The assumption that American security requires world hegemony is indeed a puzzling one, and it is Layne who clarifies what lies behind it. As mentioned earlier, both authors are realists, who stress the primacy of power in international relations. Layne notes that one type of realist theory underlies Thayer's approach. "Offensive realism holds that the best strategy for a great power is to gain primacy because, if it can do so, it will not face any serious challenges to its security" (p. 62).
As the old adage has it, the best defense is a good offense, and some proponents of this school of thought willingly embrace drastic prescriptions for policy. The mere prospect that China might rise in power to challenge American primacy is for these offensive realists sufficient grounds for launching a preventive war against that country.
Advocates of containment hope that … this strategy will halt China's rise and preserve America's primacy. However, as one leading proponent of containment argues, if these steps fail to stop China's great power emergence, "the United States should consider harsher measures." That is, before its current military advantage over China is narrowed, the United States should launch a preventive war to forestall China's emergence as a peer competitor. (p. 73)
Layne does not mention in the text the author of this harrowing idea, but his reference discloses that it is the book's coauthor, Bradley Thayer (p. 99, note 74).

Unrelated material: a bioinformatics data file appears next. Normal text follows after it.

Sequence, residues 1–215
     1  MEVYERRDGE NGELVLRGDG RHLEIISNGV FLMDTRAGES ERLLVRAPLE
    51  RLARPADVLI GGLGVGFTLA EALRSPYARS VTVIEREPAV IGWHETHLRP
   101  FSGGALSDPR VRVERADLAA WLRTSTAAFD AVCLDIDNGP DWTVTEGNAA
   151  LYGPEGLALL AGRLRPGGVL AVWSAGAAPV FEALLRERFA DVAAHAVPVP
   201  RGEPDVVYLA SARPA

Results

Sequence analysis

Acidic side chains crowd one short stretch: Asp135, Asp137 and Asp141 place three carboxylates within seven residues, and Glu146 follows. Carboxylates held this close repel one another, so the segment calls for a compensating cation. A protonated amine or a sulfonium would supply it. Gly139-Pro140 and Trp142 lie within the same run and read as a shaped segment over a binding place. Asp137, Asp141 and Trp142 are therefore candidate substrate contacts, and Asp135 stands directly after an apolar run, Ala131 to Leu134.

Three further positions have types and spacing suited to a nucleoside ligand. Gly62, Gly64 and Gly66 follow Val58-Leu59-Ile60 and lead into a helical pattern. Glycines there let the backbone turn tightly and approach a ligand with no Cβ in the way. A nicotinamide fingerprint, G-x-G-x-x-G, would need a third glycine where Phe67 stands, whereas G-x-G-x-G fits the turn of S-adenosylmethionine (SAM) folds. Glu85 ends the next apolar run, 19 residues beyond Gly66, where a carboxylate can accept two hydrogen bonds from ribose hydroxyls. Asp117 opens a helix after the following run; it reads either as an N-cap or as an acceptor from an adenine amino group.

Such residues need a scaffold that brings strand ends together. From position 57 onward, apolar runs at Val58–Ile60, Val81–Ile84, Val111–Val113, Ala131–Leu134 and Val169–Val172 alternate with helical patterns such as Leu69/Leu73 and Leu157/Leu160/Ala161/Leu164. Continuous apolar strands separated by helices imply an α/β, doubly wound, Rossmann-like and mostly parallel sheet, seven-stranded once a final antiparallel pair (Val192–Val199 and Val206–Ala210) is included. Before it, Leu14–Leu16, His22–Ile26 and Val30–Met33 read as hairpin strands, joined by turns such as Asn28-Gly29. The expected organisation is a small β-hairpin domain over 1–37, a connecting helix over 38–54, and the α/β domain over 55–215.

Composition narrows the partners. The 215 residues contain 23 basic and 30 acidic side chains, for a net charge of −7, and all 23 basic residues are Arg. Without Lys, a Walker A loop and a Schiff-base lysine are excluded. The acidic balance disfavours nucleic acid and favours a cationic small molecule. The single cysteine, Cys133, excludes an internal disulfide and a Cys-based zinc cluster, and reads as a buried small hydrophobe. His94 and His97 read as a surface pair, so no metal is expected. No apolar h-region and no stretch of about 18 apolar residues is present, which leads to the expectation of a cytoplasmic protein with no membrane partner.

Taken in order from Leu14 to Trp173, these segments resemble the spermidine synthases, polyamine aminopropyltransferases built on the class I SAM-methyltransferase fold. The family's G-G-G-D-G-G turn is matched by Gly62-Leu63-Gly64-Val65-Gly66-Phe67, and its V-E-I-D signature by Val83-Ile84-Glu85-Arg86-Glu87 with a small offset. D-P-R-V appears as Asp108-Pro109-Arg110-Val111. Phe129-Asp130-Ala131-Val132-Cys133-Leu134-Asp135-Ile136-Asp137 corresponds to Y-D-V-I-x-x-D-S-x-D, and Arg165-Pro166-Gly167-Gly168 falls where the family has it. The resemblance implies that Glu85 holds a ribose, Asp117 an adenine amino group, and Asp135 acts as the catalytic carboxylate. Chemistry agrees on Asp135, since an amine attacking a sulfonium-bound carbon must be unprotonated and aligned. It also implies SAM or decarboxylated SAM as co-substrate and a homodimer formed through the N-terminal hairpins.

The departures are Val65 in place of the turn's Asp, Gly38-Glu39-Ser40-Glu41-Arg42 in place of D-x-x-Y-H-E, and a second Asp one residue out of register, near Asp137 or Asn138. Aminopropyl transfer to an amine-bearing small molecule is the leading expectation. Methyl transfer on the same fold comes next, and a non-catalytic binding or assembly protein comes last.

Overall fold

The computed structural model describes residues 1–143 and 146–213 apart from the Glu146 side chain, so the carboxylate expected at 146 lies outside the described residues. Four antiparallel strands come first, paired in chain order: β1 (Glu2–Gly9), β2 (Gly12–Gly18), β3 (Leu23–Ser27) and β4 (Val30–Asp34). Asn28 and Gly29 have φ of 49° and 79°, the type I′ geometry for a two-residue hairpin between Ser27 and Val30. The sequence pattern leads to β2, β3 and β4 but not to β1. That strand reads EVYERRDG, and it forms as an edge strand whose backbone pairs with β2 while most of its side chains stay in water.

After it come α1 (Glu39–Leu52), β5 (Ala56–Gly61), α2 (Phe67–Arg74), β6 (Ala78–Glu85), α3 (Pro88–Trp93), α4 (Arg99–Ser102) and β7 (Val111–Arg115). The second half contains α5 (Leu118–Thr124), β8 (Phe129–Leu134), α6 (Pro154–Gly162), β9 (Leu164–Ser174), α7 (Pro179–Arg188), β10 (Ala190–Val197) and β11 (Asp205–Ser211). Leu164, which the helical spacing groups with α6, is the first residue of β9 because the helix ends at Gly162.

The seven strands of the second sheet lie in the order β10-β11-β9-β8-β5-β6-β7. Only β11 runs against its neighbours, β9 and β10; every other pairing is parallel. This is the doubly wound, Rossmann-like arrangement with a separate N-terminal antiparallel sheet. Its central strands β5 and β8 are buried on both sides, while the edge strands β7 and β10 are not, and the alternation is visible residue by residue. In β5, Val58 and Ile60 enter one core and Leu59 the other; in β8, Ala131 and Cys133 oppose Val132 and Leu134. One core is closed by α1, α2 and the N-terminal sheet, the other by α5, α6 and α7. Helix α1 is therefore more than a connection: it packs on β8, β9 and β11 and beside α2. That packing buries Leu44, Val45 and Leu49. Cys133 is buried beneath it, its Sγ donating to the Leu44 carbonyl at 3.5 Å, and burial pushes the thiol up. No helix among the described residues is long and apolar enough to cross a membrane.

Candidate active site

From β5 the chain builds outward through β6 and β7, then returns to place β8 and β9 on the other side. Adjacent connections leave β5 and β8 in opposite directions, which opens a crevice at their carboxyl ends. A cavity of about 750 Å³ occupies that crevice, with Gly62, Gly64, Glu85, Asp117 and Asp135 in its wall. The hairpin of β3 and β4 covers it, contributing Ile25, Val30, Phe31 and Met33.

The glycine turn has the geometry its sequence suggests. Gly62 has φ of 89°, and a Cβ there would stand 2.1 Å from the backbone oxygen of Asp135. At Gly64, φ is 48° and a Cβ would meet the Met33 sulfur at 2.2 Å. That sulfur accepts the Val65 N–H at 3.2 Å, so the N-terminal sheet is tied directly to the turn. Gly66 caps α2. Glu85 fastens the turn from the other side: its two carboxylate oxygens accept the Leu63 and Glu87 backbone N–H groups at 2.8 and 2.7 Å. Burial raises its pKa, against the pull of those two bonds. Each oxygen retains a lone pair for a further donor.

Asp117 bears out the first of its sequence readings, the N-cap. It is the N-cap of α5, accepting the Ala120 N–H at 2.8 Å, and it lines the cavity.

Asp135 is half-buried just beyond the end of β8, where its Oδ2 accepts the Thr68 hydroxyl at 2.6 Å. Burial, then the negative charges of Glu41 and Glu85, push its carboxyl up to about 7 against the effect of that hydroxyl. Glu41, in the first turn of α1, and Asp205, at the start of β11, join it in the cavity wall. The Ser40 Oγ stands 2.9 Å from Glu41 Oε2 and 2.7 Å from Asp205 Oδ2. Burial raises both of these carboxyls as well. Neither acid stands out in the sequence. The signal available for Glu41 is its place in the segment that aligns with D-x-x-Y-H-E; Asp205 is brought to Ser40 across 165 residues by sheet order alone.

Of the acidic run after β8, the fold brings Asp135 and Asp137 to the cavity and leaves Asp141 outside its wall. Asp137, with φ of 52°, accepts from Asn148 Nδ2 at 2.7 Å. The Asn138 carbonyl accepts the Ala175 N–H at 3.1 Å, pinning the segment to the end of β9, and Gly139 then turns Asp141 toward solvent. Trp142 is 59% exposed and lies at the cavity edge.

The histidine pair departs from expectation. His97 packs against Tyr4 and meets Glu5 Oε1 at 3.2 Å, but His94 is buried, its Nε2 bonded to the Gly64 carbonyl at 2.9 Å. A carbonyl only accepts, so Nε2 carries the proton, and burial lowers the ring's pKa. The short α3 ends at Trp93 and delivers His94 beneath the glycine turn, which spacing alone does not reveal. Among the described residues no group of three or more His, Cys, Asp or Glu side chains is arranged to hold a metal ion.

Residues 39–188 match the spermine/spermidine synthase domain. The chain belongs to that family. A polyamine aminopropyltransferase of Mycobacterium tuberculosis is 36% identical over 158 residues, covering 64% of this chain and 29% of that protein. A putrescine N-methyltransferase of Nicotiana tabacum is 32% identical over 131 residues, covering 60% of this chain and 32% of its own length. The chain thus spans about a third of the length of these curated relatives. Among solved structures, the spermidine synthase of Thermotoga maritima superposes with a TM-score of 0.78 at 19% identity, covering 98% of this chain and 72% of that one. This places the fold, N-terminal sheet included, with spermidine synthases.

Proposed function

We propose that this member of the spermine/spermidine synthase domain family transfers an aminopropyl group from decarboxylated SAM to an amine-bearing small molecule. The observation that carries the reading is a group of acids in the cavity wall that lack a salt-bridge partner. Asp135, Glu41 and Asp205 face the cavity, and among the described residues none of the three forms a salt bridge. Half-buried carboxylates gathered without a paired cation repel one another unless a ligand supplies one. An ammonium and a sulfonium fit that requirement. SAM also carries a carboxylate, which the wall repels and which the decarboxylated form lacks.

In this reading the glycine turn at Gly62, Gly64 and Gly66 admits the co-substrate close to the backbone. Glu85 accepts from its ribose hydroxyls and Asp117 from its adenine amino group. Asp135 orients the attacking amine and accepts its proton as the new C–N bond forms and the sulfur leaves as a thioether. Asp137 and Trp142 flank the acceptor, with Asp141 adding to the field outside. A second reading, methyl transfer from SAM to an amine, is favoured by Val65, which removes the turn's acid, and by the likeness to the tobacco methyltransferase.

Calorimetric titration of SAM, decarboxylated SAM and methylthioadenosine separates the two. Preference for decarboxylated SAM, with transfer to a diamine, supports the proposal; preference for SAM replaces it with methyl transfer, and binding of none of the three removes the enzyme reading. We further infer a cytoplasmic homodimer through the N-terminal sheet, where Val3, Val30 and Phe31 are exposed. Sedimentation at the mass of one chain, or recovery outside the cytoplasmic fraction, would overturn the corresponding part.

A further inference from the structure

Layne's response to offensive realism is within its own terms a good one. He points out that the pursuit of world hegemony will arouse the resentment of other nations, encouraging them to unite against the dominant power.
Up to a point … it is a good thing for a state to be powerful. But when a state becomes too powerful, it frightens others; in self-defense, they seek to offset and contain those great powers that aspire to primacy. (p. 63)
So far as the danger to us posed by rising powers like China is concerned, why not rely on regional coalitions of nations to "balance against" the new threat? This is the essence of the "offshore balancing" strategy that Layne favors. It is, he holds, much less costly and dangerous than offensive realism.